What is more valuable, Bedroom or Bathroom?

Asked by Robert, Seattle, WA Sun Aug 16, 2009

I am currently remodeling a house on top of Queen Anne. Currently it has 3 bedrooms and 1 bathroom on the 1000SF main floor ( living, kitchen, dining) and a full daylight basement (1000SF). The basement, when (remodeling is complete) will have a media room, office, and laundry room. The basement will also have a 1 bedroom 1 bath ADU with separate access, but also access through the media room of the main house.

My question is, is it worth the $ to change one of the 3 bedrooms on the main floor to a walk-in closet and bath to create a master suite?

What will be more valuable to a buyer?
Main floor:
3 bed 1 bath
2 bed 2 bath (master suite)

bearing in mind the downstairs will also have 1 bed 1 bath in the ADU which could also be used as part of the main house.

The house is just 2 blocks off Queen Anne Ave. It has no views, 2 off-street parking spaces, but no garage. We are thinking we will be in the $700k range when we plan to put it on the market next summer.

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Courtney Cooper’s answer
Courtney Coo…, Agent, Seattle, WA
Tue Jan 12, 2010
Hi Robert - great location, obviously, and having two off street parking spaces is nice.

Is there anywhere else you could steal a bath on the main level besides knocking out a bedroom? Sometimes there are additional options you may not have thought of initially.

Basement level bedrooms aren't very valuable and the ADU is nice, but won't add a ton to the value. Finishing out that space downstairs will definitely add to it - especially by adding a bath down there. I would leave the main level at 3 bedrooms and add the bath and extra living space downstairs.

Queen Anne has been moving well lately - I would think about the first half of this year vs. summer - all of our open houses have been packed lately! Good luck!
1 vote
Patrick Beri…, Agent, Seattle, WA
Sun Aug 16, 2009
You're going to get all kinds of answers from agents on this one so I'll leave that to them. Personally I think it really depends on two things: The house and the buyer. No matter what you do, some buyers will hate it and some will love it. Your goal is to get the right buyer in there who will want whatever you have or haven't done. I haven't seen your house so I can't tell you what I think is best for it, but I can suggest that you take a look at everything else that's going on near you. Figure out what buyers want near you and look at what else is on the market. For instance, if houses with certain characteristics are selling much quicker than others, you might want to research why.

Here's a snapshot of activity near you:

1 vote
Ddd31, Home Buyer, New York, NY
Thu Dec 15, 2016
Which would bring more value at selling an updated kitchen or an extra bedroom?.
0 votes
david_smith2…, Home Owner, Seattle, WA
Tue Mar 19, 2013
I have a 4 bedroom and 2 bath upstairs.. One of the bedrooms are small and butts up to the master bath which is small. Does it bring more resale value to have 4 bedrooms or a big master bath and bedroom?
0 votes
gabriel palo…, Agent, Pompano Beach, FL
Sun Jul 4, 2010
When you need to go a bathroom is always more valuable.
Bedrooms are by choice .
When a purchase is made for rental purpose less is always more.
When you compare values the cost of two bedrooms are always a plus.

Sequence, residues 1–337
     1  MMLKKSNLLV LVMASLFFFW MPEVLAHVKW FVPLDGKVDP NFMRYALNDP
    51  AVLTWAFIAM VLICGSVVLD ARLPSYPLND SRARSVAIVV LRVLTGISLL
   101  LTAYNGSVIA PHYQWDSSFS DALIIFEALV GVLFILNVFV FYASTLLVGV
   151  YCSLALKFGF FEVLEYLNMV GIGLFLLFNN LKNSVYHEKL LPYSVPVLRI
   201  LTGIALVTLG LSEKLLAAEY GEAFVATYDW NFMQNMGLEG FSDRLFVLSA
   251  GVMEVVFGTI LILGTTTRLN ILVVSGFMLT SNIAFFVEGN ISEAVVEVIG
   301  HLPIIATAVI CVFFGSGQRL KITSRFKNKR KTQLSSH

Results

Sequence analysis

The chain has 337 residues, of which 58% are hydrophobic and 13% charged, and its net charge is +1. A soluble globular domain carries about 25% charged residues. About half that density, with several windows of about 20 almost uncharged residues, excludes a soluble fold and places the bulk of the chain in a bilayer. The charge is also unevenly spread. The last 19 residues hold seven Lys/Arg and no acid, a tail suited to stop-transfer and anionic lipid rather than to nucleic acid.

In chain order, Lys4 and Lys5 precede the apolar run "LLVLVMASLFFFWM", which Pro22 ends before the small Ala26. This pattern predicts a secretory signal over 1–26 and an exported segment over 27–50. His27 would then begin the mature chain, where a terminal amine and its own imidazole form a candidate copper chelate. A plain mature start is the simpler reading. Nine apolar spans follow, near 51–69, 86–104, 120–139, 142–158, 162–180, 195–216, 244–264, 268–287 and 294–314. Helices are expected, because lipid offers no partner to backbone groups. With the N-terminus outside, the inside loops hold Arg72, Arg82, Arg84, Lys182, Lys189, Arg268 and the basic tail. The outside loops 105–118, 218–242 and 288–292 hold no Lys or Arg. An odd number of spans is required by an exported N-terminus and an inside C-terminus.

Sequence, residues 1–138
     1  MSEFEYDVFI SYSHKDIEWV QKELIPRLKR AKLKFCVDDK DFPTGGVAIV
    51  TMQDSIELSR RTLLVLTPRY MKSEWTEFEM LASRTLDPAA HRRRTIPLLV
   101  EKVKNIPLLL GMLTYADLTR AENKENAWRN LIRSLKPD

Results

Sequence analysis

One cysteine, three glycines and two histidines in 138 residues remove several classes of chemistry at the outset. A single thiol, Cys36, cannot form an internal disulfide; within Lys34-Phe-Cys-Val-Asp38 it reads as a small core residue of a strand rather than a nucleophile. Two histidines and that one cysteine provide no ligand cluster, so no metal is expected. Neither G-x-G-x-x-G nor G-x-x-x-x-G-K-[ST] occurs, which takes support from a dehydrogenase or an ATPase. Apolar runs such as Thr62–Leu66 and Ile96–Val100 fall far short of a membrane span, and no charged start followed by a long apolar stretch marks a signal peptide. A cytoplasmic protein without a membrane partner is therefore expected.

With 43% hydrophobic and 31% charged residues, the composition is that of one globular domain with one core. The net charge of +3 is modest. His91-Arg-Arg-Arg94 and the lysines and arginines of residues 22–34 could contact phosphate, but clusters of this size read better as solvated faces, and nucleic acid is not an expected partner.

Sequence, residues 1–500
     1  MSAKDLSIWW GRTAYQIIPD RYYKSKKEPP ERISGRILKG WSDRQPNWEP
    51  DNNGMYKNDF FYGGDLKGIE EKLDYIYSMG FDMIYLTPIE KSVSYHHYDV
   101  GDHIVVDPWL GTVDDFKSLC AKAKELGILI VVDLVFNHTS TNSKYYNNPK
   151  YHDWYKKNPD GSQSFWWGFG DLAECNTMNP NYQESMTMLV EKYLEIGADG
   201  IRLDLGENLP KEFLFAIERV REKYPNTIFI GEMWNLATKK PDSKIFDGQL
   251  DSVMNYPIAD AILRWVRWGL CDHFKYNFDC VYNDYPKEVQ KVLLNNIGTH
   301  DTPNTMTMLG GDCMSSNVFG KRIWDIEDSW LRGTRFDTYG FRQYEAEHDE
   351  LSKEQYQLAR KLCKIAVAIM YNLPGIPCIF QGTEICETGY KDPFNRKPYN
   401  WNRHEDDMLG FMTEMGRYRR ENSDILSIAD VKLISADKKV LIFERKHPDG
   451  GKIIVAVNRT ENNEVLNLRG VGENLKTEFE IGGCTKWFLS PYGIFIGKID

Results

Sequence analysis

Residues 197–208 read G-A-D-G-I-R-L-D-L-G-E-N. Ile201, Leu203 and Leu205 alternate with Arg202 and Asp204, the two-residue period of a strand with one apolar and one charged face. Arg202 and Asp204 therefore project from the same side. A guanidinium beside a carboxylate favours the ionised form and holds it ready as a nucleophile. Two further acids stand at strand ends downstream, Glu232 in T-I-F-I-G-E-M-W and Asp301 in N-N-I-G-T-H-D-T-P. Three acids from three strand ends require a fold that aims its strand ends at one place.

0 votes
Trisha Quigl…, Agent, Seattle, WA
Wed Jan 27, 2010
After being in this industry for over 16 yrs. I have seen many home owners make this mistake because they think about what they would like not what the majority would. I would not make this change without thinking about what your goals are. If you are just looking to remodel and sell immediately as you state, focus on the kitchen and updating the baths. If this is something that you will enjoy for years to come then by all means build the master and lose a bedroom.

You said you are thinking of selling in the summer in that case you want to keep the largest pool of buyers possible. Our market has many homes to choose from and you do not want to create a floor plan that eliminates buyers.

If you think of your home as a funnel, with the widest part of the funnel being the largest selection of buyers the more you customize your home, the smaller that selection is. The worst thing you can do to a home is over customize it to small pool of specific buyers.

The key is to make certain you use high quality materials and do not chop up the floor plan. Focus on kitchens and baths.

Trish Quigley
RE/MAX Metro Realty Inc
0 votes
Teresa Hansch, , Fort Dodge, IA
Tue Jan 12, 2010
There are different needs for all buyers...not knowing your area (market) or typical age of buyer for your style of dwelling has a great impact. First of all 1,000 main floor SF is small for 3 bedrooms. If the buyer has older children than the lower level bedroom with 2 on main floor will be of more value. If young family with small children your 3 bedroom will be of more value to that buyer. Remember you will still have 2 bathrooms and you will have 3 plus bedrooms. This also depends on the current bedroom sizes, if the bedrooms are very small, then definately consider the master suite especially if there is going to be access to the addn. through the media room. I would definatly have a BPO prepared (Broker Price Opinion) and or appraisal to determine the comparative sales in your area. I would evaluate if an attached garage with additional living space would actually give higher value based on having no garage, off street parking and no view.
0 votes
David, , Seattle, WA
Tue Jan 12, 2010

I am a Broker in seattle. I have been in real estate for 18 years and I also rehab homes and develop land. I focus mainly on multi-family now. The best advice I would give you is to pinpoint what market you want to go after and deliver the best product for that market group. The advice that if you go one way you will eliminate this group of people and if you go another you eliminate another market may be true but you can't be all things to all people. The positives as I see it is the ADU. Many people today will welcome the income that the extra unit brings to cut into the mortgage (great selling point in this market). Those wanting a big master will want the 3/1 but that market will be probably be those with no or grown children. The 2/2 option could be great for the younger couple with children. Whatever the case the ADU has to be marketed as a plus, it may be difficult though because it has access through the media room so the perspective tenant would most likely not be a stranger or typical tenant so your income may not be market rent but still a positive. Whichever way you go. Also it's very important that the floor plan flow well. Don't chop it up just to get another room. I assume, being on Queen Anne , its an older home. The details on those homes are very distict so make sure you stay with the theme. I hope This has helped you. good luck with the project. As far as price. I have seem 2/2 sell more then 3/1 and vise-versa. Just depends on the quality of the project.